|By Bart Ganzert
Being a minister’s daughter didn’t just teach Karen Ponder that service is an essential part of living life; it taught her that life is service.
That basic belief has defined the career path that led her from preschool teacher to president of Smart Start, North Carolina’s early-childhood-development initiative.
And a recent $5 million grant from the W.K. Kellogg Foundation has added intensity and insurance to her vision and mission.
“Service was always expected,” she says of growing up in a rural community in South Carolina. “I was able to see the way a community responds to each other and to its children.”
That early influence led Ponder to her teaching career and then to co-found a partnership to train teachers in early-childhood programs.
During that time, she developed a hope and vision that she could help ensure opportunities for children to develop in a responsive and supportive community.
That commitment continued to grow, she says, and as she watched her own children grow and develop, she saw in her teaching how critical the early years are for a child’s future.
“Seeing my children learn, and to recognize how important it was, that’s what captured me,” she says.
Job: President, North Carolina Partnership for Children (Smart Start)
Born: June 21, 1943
Family: Husband; two children; five grandchildren
Recent favorite book: “Wild Swans: Three Daughters of China,” by Jung Chang
Inspiration: Deep religious faith and the belief that everyone should give back to the community
|Though personally rewarding, Ponder’s early work taught her that a larger more-focused effort was needed to be able to reach all children.She got that opportunity in 1993, when Smart Start, a nonprofit organization with a mission to boost early-childhood development throughout North Carolina, was launched by then-Gov. Jim Hunt.“Working for a nonprofit fits with [my personal] mission,” she says. “I feel privileged to be involved in it.”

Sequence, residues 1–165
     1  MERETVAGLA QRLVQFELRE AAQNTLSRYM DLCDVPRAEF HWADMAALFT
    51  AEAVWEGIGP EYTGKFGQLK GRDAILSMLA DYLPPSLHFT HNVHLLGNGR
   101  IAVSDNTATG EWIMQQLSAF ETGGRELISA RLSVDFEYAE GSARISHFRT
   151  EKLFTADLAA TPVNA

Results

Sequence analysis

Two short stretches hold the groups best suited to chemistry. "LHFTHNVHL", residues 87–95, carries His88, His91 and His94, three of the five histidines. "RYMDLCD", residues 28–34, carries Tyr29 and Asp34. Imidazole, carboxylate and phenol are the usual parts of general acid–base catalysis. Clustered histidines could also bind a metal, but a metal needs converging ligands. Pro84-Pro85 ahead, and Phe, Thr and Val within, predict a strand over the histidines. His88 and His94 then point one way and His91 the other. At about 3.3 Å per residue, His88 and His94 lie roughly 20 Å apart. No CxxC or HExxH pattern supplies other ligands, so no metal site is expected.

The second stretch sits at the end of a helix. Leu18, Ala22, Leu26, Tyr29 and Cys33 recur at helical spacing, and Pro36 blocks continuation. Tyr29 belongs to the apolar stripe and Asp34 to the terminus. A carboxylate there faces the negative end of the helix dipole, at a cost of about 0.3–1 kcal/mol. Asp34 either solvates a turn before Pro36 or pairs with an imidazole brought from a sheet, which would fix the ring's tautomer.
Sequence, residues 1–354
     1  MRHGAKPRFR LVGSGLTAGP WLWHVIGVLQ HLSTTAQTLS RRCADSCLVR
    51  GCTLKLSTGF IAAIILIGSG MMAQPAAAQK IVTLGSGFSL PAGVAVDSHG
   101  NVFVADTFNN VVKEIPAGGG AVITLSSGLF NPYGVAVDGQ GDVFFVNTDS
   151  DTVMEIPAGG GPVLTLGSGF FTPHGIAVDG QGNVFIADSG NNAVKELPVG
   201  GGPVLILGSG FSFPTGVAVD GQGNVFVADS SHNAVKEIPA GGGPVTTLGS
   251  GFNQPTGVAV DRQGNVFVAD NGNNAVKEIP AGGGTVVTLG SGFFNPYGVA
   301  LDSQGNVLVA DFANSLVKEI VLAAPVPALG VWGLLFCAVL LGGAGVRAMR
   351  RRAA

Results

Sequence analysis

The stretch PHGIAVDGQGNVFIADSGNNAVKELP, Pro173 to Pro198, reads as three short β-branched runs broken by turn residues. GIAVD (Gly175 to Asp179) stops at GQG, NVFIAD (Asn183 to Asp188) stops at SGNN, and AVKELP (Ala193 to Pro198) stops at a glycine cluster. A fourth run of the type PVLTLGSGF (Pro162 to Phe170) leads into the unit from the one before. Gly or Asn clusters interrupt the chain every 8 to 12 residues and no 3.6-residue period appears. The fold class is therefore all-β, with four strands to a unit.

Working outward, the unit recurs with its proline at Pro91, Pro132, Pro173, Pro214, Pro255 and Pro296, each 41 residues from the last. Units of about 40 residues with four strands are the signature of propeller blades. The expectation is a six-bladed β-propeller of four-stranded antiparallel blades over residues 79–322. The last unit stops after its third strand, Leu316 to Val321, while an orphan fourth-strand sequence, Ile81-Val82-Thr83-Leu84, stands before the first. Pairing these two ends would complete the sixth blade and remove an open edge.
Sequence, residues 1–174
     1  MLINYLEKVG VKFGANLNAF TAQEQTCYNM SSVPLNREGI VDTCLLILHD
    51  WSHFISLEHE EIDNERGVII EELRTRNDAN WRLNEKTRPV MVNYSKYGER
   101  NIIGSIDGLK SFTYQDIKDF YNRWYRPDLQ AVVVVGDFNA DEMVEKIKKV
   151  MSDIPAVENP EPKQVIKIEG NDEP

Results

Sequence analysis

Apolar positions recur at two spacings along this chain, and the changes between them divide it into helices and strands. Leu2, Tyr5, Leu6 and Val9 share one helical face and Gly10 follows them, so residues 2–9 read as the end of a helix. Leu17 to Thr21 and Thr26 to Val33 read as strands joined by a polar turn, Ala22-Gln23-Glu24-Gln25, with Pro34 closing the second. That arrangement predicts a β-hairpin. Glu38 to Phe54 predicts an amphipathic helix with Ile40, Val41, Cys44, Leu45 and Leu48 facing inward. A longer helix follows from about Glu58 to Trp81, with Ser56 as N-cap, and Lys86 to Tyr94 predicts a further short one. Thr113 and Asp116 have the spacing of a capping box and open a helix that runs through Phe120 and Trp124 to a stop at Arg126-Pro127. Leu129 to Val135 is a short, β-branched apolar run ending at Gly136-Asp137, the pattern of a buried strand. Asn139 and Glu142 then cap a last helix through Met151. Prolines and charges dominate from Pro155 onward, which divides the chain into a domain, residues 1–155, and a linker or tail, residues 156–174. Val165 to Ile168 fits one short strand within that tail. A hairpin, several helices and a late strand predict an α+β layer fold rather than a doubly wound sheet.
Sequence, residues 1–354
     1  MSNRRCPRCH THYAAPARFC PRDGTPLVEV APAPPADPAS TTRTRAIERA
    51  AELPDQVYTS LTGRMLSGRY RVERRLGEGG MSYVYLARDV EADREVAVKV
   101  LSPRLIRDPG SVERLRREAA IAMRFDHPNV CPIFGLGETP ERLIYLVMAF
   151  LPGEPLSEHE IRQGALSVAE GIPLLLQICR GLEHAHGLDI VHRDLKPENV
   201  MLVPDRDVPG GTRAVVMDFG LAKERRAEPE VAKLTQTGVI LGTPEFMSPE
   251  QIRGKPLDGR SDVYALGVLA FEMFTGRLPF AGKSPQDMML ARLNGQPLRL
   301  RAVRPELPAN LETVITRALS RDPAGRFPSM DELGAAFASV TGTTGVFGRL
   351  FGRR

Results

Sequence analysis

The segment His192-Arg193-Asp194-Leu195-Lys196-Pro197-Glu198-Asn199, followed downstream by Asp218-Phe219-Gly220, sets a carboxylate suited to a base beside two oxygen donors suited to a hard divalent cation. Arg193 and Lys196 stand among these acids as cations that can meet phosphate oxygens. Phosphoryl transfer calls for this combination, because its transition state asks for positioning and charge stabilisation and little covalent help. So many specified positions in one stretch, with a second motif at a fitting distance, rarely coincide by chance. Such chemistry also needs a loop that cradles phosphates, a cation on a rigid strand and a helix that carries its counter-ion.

Ponder’s leadership has helped the agency grow throughout the state, and as a resource for other states initiating such organizations.
The Kellogg grant has added reward and momentum to those efforts.
“The future of the initiative is bright,” she says. “The grant has given us the opportunity to do more work with our partnerships. I believe we are on the cusp of new momentum and accomplishments.”
Smart Start is now in the planning stages for exactly how the grant money will be used, but Ponder says it will go to develop the program’s local partnerships and to fund a national assistance center to help other states.
“Seeing a child learn and engage with a mom or dad is very inspiring,” she says. “That’s what I want for every child, to have the opportunity to grow and develop in a positive way.”
The grant gives Ponder the opportunity to step back and assess what Smart Start has achieved to date and what must be done to take it to the next level, she says.
“Developing a new cadre of strong, visionary leaders for young children and their families over the next five years will allow Smart Start to achieve its full potential to ensure that all children in our state arrive at school healthy and prepared for success,” she says.